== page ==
The 21st century has not been kind to U.S. renters. With home-ownership rates at their lowest level since the late 1960s (63.4 percent in the second quarter of this year), more renters are competing for housing now than ever. The supply of rentals is tight, and rental prices have risen while the median incomes of renters have fallen. Factor in coming demographic changes, and the problem of severely unaffordable rent -- when more than 50 percent of income is spent on household expenses -- will grow by 1.3 million households by 2025, a study projected.
The report, by Harvard's Joint Center for Housing Studies and Enterprise Community Partners, a nonprofit that focuses on affordable housing, estimated a baseline scenario for increasing unaffordability in the next decade. Assuming both rents and incomes keep pace with inflation, as the U.S. adult population expands, the picture looks like this: "Demographic trends alone would raise the number of severely burdened renter households by 11 percent from an estimated 11.8 million in 2015 to 13.1 million in 2025," the report said.
A study earlier this year by Enterprise found more than 1 in 4 U.S. renters currently falls into the severely cost-burdened category. The new estimates show trends in cost-burdens and the housing market, together with changes in the population, will hit two age groups especially hard: millennials and seniors.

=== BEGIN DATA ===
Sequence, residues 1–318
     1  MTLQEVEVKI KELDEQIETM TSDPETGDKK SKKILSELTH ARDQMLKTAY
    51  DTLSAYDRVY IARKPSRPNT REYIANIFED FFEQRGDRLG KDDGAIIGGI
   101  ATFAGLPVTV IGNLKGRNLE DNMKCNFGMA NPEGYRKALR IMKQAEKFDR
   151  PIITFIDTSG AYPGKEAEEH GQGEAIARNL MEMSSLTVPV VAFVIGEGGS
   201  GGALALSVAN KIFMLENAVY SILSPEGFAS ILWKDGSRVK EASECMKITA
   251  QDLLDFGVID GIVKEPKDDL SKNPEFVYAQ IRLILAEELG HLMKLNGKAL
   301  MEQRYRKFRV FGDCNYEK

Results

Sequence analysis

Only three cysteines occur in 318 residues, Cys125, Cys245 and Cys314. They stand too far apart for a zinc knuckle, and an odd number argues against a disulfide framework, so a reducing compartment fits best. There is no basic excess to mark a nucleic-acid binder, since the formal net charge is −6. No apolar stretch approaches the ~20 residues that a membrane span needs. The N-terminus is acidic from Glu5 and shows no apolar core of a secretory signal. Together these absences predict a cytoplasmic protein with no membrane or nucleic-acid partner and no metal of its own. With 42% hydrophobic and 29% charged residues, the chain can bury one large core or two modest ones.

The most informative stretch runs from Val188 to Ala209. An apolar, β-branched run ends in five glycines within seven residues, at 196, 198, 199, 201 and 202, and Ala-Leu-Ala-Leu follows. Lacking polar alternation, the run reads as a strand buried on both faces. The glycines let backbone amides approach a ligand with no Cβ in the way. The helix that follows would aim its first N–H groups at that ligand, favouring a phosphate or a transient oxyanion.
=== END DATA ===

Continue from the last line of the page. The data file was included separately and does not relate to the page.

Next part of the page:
"All else equal," the report said, "the rapid increase in both younger and older households over the coming decade will put upward pressure on the number of cost-burdened renters as both of these age groups face higher than average likelihood of being burdened."
Having entered the job market at about the worst possible time -- during and after the Great Recession -- millennials haven't accumulated as much wealth and have delayed forming households of their own compared to older generations, the study notes. The authors predict the number of young adults, 25 to 44 years of age, with severe rent burdens will grow by nearly 12 percent, from 4,855,630 renters in 2015 to 5,424,570 in 2025. Most of those young-adult households will be millennials, who are 20 to 39 years of age now.
For older adults, the scenario is even more grim. The U.S. Census Bureau estimates the number of adults 65 and older will soar to 74 million by 2030, up from 40.3 million in 2010. "The number of severely burdened households aged 65-74 as well as those aged 75 and older are projected to rise by 42 percent and 39 percent, respectively," the study said.
Among racial and ethnic groups, growth in severe rent burdens will be highest for Hispanics, whose overall population is expected nearly to double, from 55 million last year to 106 million in 2050. Hispanic households paying more than half their income toward rent will rise by 27 percent, compared to a 23 percent increase for Asians and other nonblack minority groups, nearly 11 percent for African-Americans and 0.5 percent for whites.